If you have food poisoning or a GI infection, these inflammatory chemicals signal other immune cells to carry out the task of eliminating the infection.
But what happens when the things that are leaking through are normally occurring compounds?
To understand some of the things that can leak through the gut, we have to understand a bit about the gut microbiome. (Need a good primer? Check out this video here by the good folks at NPR.)
Microbes living in your gut produce all kinds of wonderful things that we need like short chain fatty acids, B vitamins and vitamin K. Depending on what species are part of your unique microbial community, they can also make things like lipopolysaccharides (LPS), trimethylamine (TMA), or histamine.
Each of these three compounds are made in the gut by your microbiome, leak in to your system when there is leaky gut, and have been researched in relation to heart health.
Mast Cell Response
Mast cells have a wide variety of receptors on their surface. It turns out that much of what leaks through the gut can bind to these receptors. That is the case with LPS and histamine.
Sometimes the compound undergoes a conversion before binding. That’s what happens with TMA. TMA (trimethylamine) gets metabolized in the liver to become Trimethylamine N-Oxide (TMAO) which can now bind to mast cell receptors.
There are two different receptors that are impacted by these compounds.
Mast cells have toll-like receptors (1) that LPS (2) and TMAO (3) can bind to. Once bound to, these receptors signal the release of inflammatory chemical mediators from the mast cells (4) . In plain words, this means LPS and TMAO (produced by your gut microbiome) can land on the outside of a mast cell and trigger it to release compounds that drive inflammation.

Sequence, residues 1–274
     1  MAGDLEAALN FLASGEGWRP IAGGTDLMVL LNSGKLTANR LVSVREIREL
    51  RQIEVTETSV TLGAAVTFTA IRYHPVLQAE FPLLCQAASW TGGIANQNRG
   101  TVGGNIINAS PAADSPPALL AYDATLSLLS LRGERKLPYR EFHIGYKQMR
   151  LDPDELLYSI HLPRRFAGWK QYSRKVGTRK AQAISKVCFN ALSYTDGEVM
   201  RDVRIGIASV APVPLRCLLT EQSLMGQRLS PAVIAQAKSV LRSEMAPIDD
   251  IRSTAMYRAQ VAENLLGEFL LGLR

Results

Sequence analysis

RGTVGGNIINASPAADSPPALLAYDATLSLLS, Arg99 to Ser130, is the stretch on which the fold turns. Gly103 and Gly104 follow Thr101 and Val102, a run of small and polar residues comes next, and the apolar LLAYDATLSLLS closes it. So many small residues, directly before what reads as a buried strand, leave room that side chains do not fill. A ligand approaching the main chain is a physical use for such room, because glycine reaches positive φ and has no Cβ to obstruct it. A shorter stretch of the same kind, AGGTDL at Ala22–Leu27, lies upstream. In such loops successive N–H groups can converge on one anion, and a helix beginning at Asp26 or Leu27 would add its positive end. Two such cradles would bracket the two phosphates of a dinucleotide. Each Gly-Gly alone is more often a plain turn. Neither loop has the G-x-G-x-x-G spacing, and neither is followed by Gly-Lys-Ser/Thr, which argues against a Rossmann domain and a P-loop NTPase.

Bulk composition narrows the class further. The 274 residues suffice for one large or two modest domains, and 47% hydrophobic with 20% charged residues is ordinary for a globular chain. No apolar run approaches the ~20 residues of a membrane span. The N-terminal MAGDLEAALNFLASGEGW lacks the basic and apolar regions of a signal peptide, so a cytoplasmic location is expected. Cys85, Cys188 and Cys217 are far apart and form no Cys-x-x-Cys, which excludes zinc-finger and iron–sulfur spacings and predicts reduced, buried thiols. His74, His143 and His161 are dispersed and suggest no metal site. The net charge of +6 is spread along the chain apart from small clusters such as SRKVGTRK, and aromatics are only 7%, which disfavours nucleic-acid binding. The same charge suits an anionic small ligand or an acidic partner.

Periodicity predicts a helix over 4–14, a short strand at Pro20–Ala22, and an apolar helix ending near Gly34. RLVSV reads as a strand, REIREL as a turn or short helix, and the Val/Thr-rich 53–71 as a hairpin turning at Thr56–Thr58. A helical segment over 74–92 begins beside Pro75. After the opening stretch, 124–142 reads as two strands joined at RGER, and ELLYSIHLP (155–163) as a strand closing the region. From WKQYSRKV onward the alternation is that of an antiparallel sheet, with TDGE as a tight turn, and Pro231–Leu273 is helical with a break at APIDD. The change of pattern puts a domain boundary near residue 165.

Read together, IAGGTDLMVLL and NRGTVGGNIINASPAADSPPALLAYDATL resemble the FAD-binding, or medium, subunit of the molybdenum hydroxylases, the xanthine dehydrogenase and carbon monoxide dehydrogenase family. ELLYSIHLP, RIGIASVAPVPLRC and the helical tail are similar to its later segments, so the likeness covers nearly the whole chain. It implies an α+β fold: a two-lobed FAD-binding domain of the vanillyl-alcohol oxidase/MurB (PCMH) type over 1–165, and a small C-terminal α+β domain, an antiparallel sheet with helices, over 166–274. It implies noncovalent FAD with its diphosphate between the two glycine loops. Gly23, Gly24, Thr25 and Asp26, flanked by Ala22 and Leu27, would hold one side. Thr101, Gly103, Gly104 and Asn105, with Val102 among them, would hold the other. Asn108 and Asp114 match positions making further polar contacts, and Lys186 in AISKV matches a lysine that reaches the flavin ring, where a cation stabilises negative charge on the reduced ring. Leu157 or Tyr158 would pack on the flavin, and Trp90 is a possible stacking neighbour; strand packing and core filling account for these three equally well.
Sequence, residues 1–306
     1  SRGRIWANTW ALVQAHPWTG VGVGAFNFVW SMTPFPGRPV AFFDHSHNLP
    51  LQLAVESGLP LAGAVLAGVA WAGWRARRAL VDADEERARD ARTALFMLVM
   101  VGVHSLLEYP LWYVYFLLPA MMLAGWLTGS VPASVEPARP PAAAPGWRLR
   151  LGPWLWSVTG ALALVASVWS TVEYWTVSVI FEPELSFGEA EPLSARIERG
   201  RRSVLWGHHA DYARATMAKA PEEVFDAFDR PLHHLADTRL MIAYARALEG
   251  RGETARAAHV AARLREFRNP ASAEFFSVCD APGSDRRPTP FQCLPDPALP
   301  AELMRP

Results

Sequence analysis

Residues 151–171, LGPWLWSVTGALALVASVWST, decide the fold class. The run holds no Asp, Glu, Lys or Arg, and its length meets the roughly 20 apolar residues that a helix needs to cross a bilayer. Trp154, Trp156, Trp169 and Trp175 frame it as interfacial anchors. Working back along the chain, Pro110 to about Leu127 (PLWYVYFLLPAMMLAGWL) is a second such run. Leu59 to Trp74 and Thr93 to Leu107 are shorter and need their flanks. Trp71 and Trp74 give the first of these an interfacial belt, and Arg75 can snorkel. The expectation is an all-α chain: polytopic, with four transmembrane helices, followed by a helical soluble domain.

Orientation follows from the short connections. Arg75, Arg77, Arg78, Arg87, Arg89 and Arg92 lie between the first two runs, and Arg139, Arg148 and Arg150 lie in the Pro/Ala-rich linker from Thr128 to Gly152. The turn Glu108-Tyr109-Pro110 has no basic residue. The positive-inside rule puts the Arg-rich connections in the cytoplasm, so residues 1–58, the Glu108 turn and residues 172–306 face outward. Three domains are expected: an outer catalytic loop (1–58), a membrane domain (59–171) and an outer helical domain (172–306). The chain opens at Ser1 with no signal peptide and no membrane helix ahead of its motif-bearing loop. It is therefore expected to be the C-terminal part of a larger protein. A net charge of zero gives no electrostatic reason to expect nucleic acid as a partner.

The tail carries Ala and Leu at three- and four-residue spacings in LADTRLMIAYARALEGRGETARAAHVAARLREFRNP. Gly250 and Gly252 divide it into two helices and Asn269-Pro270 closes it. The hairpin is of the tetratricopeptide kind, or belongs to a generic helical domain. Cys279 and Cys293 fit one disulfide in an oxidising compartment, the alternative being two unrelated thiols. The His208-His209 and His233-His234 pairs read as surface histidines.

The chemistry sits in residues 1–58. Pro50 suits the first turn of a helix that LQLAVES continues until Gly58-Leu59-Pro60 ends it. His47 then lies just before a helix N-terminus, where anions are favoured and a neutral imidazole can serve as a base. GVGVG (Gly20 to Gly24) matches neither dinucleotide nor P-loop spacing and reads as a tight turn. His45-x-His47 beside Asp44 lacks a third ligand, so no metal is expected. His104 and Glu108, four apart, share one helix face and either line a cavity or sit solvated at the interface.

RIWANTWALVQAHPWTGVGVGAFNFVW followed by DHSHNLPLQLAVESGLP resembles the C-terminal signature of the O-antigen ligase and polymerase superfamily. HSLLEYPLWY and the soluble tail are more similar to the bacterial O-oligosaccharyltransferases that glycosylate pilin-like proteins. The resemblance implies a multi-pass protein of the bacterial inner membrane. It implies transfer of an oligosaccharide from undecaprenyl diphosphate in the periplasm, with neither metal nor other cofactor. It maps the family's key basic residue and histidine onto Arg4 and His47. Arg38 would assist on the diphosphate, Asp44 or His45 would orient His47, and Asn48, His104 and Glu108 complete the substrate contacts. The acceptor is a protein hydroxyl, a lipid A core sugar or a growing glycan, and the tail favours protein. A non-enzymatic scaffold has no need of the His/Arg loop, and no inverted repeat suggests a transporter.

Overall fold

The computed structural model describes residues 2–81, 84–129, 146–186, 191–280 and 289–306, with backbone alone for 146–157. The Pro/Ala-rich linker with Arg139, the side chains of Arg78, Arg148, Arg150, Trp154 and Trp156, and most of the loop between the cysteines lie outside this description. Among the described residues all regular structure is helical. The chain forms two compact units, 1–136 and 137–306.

Histamine binds to different receptors on mast cells called (not surprisingly) histamine receptors, also triggering the release of a variety of chemical mediators, or more compounds that further drive inflammation in the gut, exacerbating that leaky gut.
How does this binding of LPS, TMAO and histamine to mast cells create heart problems?
Histamine, LPS, TMAO & The Heart
Once histamine, LPS, and TMAO are in the bloodstream -- having successfully gone through the leaky gut -- they can bind to mast cells in the arteries and in the heart, contributing to atherosclerosis and cardiac disease (5).
Mast cells in the heart have been shown to release a variety of chemical mediators resulting in scarring of the heart (myocardial remodeling) (6). Scarring changes how the heart functions and leads to chronic hypertension, congenital heart disease and heart failure (7). This is serious stuff!